When J Mayo ‘Ink’ Williams set up Black Patti Records in Chicago in 1927, he was hoping to exploit the market for ‘race records‘, which was expanding rapidly. He released Blues, Jazz and Spiritual music, hell-fire sermons by ‘straining preachers’ and comedy routines and popular ditties from vaudeville stars. The enterprise was not immediately profitable, so Ink moved on to pastures new by the end of the year, but not before he had discovered a few notable but obscure Blues acts who had moved to Chicago from the South as part of The Great Migration, in search of a better life.
The Down Home Boys were a pair of Blues singers who both played guitar and sang duets on a series of Black Patti records, some released by Gennett, whose studio and distribution was co-opted by ‘Ink’. Little Harvey Hull, usually billed as ‘Papa Harvey’, was born in Zilpha Township MS in 1887. Along with his partner Long Cleeve Reed, they made six records in Chicago for ‘Ink’ as The Down Home Boys, including a couple where they were joined by Sunny Wilson. Their ‘Original Stack O’Lee Blues’ was probably a response to Ma Rainey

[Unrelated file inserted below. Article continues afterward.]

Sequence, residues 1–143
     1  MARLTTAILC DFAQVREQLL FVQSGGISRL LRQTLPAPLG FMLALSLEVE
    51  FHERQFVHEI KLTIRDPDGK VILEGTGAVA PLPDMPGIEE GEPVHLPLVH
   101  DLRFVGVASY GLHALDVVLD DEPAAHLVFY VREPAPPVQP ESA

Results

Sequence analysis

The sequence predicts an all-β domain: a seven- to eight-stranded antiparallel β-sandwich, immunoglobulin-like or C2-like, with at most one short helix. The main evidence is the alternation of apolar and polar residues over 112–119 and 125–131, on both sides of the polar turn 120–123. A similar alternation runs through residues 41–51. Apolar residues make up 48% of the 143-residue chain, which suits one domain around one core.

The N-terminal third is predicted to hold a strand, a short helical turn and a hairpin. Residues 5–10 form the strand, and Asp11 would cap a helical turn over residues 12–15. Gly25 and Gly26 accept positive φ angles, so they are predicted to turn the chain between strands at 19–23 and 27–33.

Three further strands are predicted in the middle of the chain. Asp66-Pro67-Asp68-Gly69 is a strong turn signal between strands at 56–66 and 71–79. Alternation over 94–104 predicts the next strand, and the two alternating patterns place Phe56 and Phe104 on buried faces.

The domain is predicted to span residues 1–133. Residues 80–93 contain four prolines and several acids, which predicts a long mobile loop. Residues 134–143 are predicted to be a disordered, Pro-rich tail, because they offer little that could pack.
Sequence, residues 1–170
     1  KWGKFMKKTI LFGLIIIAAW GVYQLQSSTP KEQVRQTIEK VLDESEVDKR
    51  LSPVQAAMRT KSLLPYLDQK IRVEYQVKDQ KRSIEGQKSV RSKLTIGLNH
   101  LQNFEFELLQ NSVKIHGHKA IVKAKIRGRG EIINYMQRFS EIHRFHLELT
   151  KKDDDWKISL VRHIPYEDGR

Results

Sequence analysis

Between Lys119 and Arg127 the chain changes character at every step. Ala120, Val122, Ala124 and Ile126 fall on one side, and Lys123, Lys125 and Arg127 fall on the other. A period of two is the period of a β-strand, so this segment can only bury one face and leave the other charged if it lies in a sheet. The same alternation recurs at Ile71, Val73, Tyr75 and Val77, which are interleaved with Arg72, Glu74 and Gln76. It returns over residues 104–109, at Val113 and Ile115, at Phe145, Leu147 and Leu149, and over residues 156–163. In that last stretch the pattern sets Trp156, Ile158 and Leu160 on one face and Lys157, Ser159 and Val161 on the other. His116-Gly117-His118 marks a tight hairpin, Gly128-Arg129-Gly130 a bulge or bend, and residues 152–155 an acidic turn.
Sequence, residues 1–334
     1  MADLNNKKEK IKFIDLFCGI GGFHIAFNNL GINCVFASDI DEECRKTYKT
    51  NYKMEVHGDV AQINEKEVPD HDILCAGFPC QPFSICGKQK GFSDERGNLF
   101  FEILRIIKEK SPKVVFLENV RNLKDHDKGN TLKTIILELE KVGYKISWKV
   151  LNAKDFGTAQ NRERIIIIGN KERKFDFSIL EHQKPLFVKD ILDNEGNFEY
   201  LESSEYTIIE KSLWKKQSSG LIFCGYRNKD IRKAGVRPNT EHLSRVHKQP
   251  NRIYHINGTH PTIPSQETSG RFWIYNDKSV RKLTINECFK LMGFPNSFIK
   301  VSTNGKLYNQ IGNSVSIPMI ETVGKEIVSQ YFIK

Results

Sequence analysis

‘s 1925 version that had the young Louis Armstrong on cornet. They also recorded ‘France Blues’, a ‘Death Letter’-type song which has been covered by Alvin Youngblood Hart
and Taj Mahal
. It is doubtful whether The Down Home Boys recorded again after the Black Patti label folded.
‘The Original Stack O’Lee Blues’